MOBILITY AND ACCESSIBILITY EFFECTS OF B2C E-COMMERCE: A LITERATURE REVIEW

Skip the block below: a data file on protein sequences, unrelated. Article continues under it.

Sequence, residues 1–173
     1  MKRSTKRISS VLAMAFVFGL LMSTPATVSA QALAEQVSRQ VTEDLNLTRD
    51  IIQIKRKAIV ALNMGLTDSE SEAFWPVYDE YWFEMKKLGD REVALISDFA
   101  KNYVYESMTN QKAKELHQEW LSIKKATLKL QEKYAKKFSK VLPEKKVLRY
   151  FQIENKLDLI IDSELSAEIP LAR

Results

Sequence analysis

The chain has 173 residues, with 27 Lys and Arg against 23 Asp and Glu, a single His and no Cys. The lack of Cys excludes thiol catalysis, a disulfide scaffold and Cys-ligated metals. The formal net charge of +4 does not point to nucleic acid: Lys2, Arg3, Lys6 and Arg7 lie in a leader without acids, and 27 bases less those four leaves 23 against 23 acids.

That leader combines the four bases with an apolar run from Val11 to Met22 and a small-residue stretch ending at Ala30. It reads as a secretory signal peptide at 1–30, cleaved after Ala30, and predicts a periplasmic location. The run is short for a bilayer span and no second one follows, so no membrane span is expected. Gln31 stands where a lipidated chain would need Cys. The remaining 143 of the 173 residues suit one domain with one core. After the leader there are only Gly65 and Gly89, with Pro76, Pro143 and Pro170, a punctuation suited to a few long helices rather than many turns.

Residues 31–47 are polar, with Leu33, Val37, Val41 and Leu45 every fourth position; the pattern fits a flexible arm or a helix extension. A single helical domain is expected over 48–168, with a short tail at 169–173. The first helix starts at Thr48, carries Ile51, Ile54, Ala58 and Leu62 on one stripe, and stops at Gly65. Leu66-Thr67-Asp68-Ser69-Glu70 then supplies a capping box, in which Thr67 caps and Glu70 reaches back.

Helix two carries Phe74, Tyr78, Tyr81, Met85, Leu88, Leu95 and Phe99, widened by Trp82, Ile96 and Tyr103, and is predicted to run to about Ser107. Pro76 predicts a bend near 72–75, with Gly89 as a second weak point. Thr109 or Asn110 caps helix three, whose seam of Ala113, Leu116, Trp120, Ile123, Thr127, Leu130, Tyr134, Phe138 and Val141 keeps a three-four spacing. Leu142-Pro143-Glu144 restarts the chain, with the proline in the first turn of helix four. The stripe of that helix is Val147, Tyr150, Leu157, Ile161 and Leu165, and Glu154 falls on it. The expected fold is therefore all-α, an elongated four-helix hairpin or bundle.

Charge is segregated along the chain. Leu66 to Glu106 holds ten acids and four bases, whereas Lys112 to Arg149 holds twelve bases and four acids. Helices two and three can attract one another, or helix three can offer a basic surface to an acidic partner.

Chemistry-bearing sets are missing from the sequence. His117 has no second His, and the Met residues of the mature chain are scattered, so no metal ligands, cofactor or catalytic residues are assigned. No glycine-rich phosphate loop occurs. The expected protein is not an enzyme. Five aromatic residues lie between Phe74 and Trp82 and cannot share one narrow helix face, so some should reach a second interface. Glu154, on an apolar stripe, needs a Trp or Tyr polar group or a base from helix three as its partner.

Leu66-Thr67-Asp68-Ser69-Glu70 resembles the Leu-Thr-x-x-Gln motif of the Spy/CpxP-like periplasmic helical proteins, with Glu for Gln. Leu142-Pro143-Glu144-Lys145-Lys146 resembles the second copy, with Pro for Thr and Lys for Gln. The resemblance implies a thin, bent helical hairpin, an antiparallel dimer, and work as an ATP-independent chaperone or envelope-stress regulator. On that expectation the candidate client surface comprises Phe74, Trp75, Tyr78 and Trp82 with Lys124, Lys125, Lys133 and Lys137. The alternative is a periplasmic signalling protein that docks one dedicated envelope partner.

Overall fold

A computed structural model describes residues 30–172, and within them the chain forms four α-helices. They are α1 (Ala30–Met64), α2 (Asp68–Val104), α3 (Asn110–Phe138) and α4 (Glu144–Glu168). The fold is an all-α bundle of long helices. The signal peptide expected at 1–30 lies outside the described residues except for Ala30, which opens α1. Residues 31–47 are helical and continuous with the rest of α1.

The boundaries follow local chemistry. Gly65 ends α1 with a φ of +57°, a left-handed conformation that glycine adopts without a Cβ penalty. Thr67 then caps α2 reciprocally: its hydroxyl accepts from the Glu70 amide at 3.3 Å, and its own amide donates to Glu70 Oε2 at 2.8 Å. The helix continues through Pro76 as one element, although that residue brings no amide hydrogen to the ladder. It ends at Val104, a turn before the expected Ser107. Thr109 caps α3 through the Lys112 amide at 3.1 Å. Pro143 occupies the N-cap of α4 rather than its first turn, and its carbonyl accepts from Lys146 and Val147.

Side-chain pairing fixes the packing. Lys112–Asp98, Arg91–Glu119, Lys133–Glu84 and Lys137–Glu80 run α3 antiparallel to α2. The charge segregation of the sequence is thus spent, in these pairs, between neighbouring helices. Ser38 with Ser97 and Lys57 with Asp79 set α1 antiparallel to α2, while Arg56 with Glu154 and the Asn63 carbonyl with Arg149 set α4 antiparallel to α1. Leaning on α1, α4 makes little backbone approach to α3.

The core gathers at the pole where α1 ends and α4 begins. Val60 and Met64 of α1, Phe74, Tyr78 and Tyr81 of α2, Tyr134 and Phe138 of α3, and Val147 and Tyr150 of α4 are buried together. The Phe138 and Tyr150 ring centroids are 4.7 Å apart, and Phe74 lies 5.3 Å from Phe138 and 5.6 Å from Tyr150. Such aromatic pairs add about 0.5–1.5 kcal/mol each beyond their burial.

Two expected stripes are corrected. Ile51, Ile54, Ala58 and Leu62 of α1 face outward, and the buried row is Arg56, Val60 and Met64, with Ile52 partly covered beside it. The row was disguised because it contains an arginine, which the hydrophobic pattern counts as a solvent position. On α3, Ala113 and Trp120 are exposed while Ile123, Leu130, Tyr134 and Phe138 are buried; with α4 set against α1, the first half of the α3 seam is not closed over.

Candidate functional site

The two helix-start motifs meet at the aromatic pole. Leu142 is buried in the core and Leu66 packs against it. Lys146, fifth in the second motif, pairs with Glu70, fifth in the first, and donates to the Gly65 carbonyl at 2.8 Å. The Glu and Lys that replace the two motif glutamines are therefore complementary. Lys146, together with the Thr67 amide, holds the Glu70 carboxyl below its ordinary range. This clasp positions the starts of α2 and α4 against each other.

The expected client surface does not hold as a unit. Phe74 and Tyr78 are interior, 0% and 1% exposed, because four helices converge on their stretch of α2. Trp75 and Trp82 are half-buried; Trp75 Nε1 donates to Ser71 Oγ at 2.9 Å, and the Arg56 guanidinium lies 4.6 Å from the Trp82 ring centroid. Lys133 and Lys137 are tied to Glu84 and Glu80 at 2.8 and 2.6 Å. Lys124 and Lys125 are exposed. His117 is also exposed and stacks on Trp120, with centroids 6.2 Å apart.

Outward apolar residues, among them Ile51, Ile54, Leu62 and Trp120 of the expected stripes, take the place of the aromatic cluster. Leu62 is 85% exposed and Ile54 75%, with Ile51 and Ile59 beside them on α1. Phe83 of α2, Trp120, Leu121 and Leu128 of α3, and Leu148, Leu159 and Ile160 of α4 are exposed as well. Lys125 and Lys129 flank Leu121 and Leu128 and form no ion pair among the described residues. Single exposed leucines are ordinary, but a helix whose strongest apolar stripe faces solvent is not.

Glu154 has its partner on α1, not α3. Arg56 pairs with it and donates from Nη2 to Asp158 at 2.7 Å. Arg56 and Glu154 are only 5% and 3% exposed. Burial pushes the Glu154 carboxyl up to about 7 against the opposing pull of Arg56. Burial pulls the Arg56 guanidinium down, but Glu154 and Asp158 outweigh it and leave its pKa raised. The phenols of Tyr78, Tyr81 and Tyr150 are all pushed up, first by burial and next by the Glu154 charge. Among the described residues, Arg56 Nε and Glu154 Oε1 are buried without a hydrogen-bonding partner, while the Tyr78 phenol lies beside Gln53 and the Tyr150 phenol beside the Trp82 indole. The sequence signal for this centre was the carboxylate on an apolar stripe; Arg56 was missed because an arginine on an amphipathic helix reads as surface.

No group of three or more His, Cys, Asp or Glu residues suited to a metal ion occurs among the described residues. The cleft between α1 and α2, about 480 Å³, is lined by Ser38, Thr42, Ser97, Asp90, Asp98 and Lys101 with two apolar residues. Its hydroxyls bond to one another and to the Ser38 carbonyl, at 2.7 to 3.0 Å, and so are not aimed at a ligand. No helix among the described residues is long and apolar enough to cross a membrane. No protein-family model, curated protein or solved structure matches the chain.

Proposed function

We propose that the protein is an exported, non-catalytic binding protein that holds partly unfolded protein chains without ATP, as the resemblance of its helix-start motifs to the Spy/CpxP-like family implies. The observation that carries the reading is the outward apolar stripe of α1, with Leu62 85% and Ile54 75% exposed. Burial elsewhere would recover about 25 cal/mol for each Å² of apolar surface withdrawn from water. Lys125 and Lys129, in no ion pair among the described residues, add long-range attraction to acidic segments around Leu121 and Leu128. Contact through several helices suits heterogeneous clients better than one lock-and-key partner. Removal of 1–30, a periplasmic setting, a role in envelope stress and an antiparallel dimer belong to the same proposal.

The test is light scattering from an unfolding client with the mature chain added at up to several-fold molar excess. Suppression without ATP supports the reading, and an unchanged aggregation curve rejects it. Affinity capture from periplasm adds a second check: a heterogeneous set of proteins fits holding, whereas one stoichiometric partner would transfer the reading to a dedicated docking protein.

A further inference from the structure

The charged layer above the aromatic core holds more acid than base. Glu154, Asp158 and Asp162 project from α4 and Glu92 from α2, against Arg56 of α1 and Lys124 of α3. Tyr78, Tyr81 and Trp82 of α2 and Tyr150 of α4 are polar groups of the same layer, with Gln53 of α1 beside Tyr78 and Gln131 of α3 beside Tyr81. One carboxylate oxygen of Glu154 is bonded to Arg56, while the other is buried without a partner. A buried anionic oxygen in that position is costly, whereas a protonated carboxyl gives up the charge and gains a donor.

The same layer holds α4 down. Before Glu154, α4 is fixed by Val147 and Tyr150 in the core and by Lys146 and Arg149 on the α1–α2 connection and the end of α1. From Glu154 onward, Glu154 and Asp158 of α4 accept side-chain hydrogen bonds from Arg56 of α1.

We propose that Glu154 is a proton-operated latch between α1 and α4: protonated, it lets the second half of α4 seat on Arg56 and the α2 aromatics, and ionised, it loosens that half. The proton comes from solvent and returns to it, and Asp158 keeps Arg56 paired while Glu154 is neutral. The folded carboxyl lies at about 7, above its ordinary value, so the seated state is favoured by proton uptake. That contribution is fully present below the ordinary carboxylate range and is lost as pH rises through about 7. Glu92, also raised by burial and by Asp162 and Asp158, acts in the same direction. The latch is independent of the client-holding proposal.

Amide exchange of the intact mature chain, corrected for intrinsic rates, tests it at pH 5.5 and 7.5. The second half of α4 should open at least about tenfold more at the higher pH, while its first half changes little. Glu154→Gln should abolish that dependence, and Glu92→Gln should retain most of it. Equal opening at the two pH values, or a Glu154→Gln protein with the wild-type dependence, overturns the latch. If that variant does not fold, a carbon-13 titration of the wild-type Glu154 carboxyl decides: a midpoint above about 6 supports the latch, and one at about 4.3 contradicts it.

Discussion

This paper explores the mobility and accessibility effects of business-to-consumer (b2c) e-commerce by means of a literature review. The main questions are how b2c e-commerce affects (a) individual activity patterns and travel behaviour, (b) the freight transport and logistic decisions of firms, and (c) the location decisions of households and firms. The review shows that the direct (short-term) mobility effects of b2c e-commerce are relatively clear, and that an overall increase in both individual travel and freight transport can be expected. The indirect (long-term) changes for physical accessibility and mobility, however, are less clear and harder to deal with, due to the complex relationships, time lags, data problems and methodological (attribution) problems. Still, it appears that processes of decentralisation and sub-urbanisation of distribution systems for b2c e-commerce may gradually extend and shift, respectively, towards more remote and less densely populated areas in the Netherlands. This would reinforce the ongoing process of retail store closures in these areas, i.e., the spatial redistribution in retailing facilities, thus limiting physical accessibility. As a result, average trip lengths and car use for shopping trips may on the whole increase. With freight transport also increasing due to b2c e-commerce, its overall long-term effect may be an increase in motorised mobility, with urban consumers saving trips for shopping purposes and consumers elsewhere adding to their travel burden. Only certain products are feasible for e-commerce, however. Hence, the impact of b2c e-commerce on mobility and accessibility varies between product categories.